Thursday, August 09, 2018

Libya, Petro dollar and Canada


What relevance does Libya have for us Canadians at the moment?  Libya is old news.  Yes, old fake news. At least the reasons we were given for the invasion of Libya were fake. We were told that Muammar Gaddafi was a vicious dictator who was massacring his own people as he cared nothing for them, and needed to be stopped on humanitarian grounds.  The troika to the rescue!


The troika is composed of the US, NATO and the EU (and their banks). It was a moment of regime change for them. Nothing else would do. Never mind that it was under Gaddafi’s leadership (for 41 years) that Libya came to be considered the most prosperous state in Africa, and the most liberal. Gaddafi shared the oil revenues of his country with his people. Libya had free education (through university), free universal health care, encouraged women’s rights, considered housing an absolute right and had free electricity for all. Does that sound like he didn’t care for his people? But it wasn’t these progressive things that twisted the guts of the Troika. It was the gold and silver Libya held in its treasury. Nestling there was 144 tons of gold and a similar amount of silver. I wonder what happened to all that gold and silver after Libya was sacked.  Does anybody know or has it just disappeared like various huge amounts of cash just vanish between US military contractors?


Never mind.  Let’s stick to our subject. Which was Libyan gold and silver. The gold amount was half of what the UK possesses.  However, Libya was 1/10 of the population.  And besides nationalizing the oil industry, Gaddafi was in the process of uniting other African countries with a plan to switch from using the Petro dollar to using their own gold backed currency to be called the gold African dinar.  So of course this had to be stopped.  Regime change was it.  War was it.  Whatever it took to keep the Petro dollar safe.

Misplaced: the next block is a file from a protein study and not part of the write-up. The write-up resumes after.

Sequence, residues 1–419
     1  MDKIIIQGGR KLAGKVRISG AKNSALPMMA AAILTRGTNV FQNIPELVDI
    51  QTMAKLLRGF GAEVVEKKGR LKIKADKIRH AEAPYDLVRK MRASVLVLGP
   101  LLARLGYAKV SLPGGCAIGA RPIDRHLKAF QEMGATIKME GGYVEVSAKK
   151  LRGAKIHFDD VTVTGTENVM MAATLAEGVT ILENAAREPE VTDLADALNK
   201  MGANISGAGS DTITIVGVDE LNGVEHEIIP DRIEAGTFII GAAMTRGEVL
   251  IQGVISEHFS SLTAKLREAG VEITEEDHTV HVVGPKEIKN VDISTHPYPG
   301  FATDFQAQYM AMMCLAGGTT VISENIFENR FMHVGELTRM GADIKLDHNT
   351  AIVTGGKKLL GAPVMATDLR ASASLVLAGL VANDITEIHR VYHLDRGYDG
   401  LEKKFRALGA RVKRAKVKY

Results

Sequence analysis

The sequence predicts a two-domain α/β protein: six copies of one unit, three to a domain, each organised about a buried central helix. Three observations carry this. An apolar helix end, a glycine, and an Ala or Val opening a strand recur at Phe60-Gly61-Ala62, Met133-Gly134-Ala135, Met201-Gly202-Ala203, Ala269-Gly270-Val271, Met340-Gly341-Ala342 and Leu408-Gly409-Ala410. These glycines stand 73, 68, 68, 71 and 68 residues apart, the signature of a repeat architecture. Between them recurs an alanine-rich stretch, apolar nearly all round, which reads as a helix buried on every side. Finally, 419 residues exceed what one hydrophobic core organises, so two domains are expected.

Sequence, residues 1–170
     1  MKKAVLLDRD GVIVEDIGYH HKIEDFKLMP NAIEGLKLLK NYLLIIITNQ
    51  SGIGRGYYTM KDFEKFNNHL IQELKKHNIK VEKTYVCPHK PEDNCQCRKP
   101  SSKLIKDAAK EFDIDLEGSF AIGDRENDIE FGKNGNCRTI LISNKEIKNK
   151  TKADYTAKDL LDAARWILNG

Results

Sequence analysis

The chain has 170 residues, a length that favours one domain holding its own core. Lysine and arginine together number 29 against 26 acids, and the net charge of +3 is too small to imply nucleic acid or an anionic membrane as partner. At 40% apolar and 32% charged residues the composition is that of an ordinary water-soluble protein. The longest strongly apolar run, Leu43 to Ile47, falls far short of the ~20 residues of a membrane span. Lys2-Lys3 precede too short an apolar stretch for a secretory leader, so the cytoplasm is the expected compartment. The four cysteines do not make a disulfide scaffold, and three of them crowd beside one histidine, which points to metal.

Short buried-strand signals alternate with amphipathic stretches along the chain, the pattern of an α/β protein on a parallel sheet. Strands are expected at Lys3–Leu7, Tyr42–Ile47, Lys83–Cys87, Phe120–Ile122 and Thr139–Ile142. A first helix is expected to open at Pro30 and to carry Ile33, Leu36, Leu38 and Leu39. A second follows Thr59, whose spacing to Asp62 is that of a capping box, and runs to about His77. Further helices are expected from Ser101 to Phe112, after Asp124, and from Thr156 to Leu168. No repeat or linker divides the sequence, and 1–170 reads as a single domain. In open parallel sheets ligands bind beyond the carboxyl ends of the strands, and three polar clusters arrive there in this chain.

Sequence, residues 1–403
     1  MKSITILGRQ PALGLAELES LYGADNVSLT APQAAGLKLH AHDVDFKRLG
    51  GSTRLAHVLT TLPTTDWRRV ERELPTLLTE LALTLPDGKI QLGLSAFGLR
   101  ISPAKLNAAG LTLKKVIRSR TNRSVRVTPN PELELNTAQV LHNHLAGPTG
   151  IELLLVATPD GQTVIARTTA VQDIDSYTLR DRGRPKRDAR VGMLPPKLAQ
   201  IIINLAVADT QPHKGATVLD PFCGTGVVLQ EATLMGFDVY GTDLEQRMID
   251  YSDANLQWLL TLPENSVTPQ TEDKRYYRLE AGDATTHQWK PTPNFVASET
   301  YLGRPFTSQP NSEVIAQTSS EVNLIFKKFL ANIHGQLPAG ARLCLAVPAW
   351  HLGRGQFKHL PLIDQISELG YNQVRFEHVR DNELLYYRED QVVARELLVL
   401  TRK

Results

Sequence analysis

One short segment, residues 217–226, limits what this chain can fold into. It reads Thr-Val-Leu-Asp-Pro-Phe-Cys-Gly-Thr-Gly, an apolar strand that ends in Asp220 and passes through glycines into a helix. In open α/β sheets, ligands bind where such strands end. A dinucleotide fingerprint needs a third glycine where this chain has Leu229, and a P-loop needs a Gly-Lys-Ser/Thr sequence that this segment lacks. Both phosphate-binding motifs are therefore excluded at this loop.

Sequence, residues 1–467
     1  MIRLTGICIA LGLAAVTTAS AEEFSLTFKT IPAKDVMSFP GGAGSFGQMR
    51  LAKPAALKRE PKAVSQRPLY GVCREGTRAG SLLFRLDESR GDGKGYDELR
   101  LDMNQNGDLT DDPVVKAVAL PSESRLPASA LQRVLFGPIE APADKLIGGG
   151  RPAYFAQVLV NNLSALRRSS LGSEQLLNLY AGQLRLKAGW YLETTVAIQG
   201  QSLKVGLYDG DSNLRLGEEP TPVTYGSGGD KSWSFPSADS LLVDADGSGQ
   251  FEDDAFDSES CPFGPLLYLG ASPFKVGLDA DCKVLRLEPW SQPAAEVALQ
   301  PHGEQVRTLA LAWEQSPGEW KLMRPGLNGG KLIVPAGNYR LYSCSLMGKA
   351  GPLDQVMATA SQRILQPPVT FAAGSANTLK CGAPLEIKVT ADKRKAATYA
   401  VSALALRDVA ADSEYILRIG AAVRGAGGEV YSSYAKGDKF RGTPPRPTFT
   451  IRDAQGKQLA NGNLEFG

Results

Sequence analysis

We are still at war with any country that tries to ditch the Petro dollar.  And we are fed the same idiot reasons for these wars.  Venezuela?  We are told it’s a rotten country, kills it people, and the government has to be taken out on humanitarian grounds. We are to  Ignore the reports of Nicolas Maduro trying desperately to lift his poor out of poverty, of trying to provide education and health care for everyone, of trying to create jobs in the face of the racist, sexist, raw super capitalist opposition of the troika. And this same mind set is behind the present non-stop dangerous, disgusting verbiage against Russia, Iran and China by the troika press. These three countries are in the midst of not just talking about ditching the Petro dollar, but are in the process of doing it.  The US led troika wants to start bombing them but has to be a little more careful about regime change.  And unless we Canadians feel smug, still lingering under some kind of an illusion about being peace keepers, Canadians were part of the first bombing missions over Libya.  More next time.

Wednesday, August 01, 2018

Iraq, 9/11 and the Petro dollar

To continue following the increasingly bloody footsteps of the US imposed Petro dollar… 


It was shortly after Iraq’s invasion of Kuwait that UN sanctions were first imposed on Iraq (1990).  There is a story line, developed from Wikileaks releases, that the US tacitly gave US approval to Saddam Hussein to invade Kuwait, or at least didn’t object to it.  Whatever, the invasion commenced.  It proved to be an incredibly stupid mistake for Iraq. Iraq lost. The war itself led to crippling sanctions, public malnutrition leading to many deaths of Iraqi children and the dismantling of the prior most progressive state in the Middle East.